On the 10th anniversary of September 11, this is my view as I write this. I'm sitting poolside at Rancho las Palmas Resort in Rancho Mirage, CA. Lucky me. The glare is kind of uncomfortable on my laptop screen. I have to type through a reflection of myself, wearing a bathing suit and a sun hat. Contrast that with the dress code requirements of many Muslim women. The only reason I'm wearing a head covering is to keep the sun's harmful rays at bay. Not because I am "required" to do so. On September 11, 2001, we were attacked, in an act of war, by those who do not like us and our way of life. They seek to destroy it and continue to do so.
This is the first time I've written about "where I was on Sept. 11, 2001": My first recollection of that morning was being woken up by the phone ringing. I was asleep in my apartment in West Hollywood, CA. I answered the phone next to my bed. It must have been sometime between 7:00-8:00am PST. My mother, who lives outside of Boston (where I grew up) was on the phone. As best as I can recall from a dead sleep, she said something like, "They've flown planes into The World Trade Center and I can't get in touch with your sister." My sister had just graduated from college the previous May and lived and worked in Manhattan. There must have been some discussion about where she lived and worked because I recall stumbling out of bed to my bookshelf where I pulled out my "Fast Map-Manhattan" and began looking at points on the map as I discussed it with my mother. I must have also put the TV on. She also said she couldn't reach my brother, but that was kind of irrelevant, in my opinion, since he lived in Colorado. I started giving my mother the names and addresses of my friends in Manhattan in case my sister needed to go somewhere. I hung up, watched the news of the attacks and got dressed. I walked outside with my dog, Stella, to escape the solitary existence in my apartment. It was like any other day on my street. All hell was breaking loose on the other side of the country and in my neighborhood, everything was normal. Odd.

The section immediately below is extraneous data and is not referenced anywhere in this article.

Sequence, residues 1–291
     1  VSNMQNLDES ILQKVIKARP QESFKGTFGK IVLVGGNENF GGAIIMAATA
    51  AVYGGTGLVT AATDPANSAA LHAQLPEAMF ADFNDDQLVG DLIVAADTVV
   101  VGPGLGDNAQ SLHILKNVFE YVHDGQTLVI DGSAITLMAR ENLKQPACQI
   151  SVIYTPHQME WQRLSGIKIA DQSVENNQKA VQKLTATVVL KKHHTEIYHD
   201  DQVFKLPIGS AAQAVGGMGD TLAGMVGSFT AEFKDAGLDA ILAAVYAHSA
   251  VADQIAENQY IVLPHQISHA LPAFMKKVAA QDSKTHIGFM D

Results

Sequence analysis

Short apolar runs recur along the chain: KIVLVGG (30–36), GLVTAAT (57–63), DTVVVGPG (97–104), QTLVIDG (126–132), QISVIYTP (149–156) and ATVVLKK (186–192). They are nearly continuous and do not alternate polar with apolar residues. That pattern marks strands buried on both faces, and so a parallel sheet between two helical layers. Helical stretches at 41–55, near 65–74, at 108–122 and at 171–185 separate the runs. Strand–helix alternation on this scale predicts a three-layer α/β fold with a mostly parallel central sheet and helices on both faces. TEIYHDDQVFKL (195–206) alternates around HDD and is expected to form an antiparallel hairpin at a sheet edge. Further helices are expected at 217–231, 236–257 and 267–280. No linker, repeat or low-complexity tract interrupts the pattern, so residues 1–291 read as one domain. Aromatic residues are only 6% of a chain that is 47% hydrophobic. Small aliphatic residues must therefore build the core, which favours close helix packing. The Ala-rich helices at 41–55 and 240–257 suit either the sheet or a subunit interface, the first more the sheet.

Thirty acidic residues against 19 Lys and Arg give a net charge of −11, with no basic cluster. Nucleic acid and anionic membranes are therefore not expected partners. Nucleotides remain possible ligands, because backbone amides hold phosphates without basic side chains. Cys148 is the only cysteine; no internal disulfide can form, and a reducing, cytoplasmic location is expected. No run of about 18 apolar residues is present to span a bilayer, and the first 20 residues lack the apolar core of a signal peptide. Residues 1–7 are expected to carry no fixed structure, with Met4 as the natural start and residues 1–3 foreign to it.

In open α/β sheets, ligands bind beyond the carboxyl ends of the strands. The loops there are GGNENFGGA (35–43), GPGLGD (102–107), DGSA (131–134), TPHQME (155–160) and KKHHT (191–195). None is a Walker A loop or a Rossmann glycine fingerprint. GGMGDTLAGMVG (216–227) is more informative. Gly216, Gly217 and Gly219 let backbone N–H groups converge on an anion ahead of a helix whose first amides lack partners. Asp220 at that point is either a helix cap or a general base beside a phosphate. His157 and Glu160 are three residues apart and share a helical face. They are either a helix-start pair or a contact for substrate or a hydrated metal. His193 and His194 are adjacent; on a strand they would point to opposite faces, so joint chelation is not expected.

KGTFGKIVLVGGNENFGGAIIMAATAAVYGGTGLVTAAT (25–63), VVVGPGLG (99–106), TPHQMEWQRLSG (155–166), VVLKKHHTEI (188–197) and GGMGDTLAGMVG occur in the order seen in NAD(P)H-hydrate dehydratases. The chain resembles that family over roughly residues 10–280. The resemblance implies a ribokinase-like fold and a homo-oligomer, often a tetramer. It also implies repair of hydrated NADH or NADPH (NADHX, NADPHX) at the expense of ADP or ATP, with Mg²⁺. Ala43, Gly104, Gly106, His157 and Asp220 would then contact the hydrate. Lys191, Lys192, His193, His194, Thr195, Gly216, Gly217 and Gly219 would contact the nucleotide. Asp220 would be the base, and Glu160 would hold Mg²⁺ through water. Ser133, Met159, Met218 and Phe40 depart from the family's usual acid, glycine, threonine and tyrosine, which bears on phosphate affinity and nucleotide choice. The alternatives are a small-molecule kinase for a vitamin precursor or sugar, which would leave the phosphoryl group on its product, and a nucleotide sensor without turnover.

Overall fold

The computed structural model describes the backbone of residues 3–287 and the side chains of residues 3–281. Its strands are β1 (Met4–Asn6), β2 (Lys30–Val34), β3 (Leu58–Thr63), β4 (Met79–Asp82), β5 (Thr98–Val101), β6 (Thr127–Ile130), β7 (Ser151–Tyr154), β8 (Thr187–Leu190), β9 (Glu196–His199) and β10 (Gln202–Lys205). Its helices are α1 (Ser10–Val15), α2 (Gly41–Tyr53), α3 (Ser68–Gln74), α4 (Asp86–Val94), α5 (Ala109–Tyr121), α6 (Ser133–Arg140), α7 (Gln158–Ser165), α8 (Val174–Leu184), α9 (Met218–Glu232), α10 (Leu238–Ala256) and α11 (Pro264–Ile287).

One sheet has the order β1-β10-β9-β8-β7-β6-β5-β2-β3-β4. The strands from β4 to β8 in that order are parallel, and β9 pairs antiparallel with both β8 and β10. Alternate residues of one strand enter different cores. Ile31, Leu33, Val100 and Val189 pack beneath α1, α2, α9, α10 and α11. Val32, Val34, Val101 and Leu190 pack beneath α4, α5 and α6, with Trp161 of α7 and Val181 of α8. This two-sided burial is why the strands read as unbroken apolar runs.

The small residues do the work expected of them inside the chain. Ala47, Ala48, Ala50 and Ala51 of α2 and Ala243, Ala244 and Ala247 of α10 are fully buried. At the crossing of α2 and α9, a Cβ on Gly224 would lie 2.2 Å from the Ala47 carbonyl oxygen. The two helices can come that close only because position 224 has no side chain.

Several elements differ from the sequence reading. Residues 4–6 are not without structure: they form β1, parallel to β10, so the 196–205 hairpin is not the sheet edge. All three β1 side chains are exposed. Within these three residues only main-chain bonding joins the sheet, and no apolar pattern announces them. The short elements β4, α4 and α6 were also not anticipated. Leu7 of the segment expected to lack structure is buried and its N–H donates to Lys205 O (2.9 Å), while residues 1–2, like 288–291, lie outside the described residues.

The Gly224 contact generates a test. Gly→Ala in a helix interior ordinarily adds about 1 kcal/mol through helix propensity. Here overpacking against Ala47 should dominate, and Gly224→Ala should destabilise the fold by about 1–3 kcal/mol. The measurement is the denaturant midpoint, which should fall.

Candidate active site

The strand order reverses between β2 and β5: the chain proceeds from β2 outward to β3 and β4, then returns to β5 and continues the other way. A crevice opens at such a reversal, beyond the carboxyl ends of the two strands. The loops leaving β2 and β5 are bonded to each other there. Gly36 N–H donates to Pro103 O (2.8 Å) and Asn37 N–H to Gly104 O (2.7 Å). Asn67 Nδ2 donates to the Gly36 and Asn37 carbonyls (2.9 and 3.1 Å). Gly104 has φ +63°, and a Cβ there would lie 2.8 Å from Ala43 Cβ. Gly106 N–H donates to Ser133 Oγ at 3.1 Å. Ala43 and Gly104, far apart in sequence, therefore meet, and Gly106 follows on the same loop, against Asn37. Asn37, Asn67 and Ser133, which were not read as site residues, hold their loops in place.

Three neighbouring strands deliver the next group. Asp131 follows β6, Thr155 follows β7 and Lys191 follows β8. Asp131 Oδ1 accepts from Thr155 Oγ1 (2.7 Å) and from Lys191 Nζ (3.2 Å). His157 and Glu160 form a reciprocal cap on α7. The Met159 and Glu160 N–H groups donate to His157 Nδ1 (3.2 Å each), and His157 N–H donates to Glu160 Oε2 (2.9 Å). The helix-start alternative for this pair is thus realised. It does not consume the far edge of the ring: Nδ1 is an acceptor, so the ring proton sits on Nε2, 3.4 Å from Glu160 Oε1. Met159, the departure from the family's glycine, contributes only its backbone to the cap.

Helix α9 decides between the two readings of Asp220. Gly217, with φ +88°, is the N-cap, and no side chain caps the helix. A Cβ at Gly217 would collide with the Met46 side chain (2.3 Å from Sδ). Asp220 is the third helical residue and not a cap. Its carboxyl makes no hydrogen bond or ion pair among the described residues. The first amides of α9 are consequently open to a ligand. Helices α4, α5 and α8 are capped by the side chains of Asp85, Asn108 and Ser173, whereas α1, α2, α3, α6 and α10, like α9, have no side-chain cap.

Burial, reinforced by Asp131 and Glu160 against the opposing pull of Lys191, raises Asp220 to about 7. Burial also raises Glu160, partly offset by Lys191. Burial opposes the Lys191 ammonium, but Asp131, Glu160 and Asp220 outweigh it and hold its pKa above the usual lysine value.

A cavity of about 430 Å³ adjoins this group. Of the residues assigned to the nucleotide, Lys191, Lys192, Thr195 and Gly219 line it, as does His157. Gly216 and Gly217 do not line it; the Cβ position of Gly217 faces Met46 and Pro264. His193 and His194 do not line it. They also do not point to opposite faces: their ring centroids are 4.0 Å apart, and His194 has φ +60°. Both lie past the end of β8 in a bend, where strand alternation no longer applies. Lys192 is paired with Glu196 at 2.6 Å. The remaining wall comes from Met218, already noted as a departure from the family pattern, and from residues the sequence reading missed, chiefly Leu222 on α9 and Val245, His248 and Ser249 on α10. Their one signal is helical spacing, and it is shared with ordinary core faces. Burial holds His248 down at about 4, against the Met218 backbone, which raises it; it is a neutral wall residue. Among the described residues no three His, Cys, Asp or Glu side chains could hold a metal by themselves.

There are pieces that stick out in my mind from that day. I was clearly upset…Not crying, but worried. I had several good friends who lived within a short walk from the World Trade Center. One who I stayed with frequently and had just stayed with a month before. On that visit, I had bought an American Flag belt at Century 21, the discount designer department store with its flagship right across the street from the World Trade Center. I remembered debating over the belt because it was $70 and was a lot to spend on a belt. But I loved it and knew I’d wear it a lot, so I got it. Within days of 9/11, I looked at the receipt and saw that I had bought it on 8/11/01. I wondered if I had been directed to buy it by some sort of foreshadowing force? I still think I spent a lot on that belt, but I still wear it. I worried about my sister. I thought about American Airlines Flight 11 from Boston to Los Angeles. That was my most traveled route and on that airline. People who knew called me or e-mailed. I had a friend from Kentucky e-mail me one sentence, “I want to make sure you weren’t on that plane.” Having known her for years, I wasn’t taken aback, she didn’t mince words. I suppose the lack of a return e-mail would have answered her question? I answered everyone with the same response, “No, I wasn’t on the planes, I never took the first flight in the morning.” Which was true. Those first flights to LA from Boston, on United and American, which at the time were the only non-stop airlines flying the route, left at around 7:45am. That was way too early for me to have to get up and get to the airport. I always took the 5:45pm-ish flight. Especially because I was flying “backward in time”, I’d get in at 9pm or so and then just go home and climb into bed. I guess I hung onto that a bit. When some people were saying “I could have been on that plane,” I knew I wouldn’t have. Okay. So what? What was my point? I recognized a lot of the flight attendants on that route. I knew it was a desirable route because there were usually celebrities on the plane for one. I remembered meeting a young flight attendant who told me she didn’t usually get to fly that route because it was a “senior route”. I was oddly familiar in a sort of, “American Airlines LA-Boston-LA frequently flier” way. I got into an argument with my personal trainer that day. I was on edge and although I can’t recall the exact circumstances, it had something to do with me trying to reschedule and assuming the gym would be closed anyway because this was the LA outpost of a chain of gyms founded in Manhattan. He was being a jerk, I thought, and denied the gym would be closed. I told him off, as I recall, about the circumstances and to have some sympathy. Turns out the gym was closed down that day. I switched trainers. My acting class was held as usual. I remembered asking my acting teacher why. He said that that’s what he does. He can’t do anything else to help the situation, so would be holding class as usual. It made sense. Probably made more sense than I can convey here. A guy I was doing some part-time work for was trapped in Atlanta at a conference. He was able to jump into a rental car with strangers and drive to Boston where his son lived to ride things out.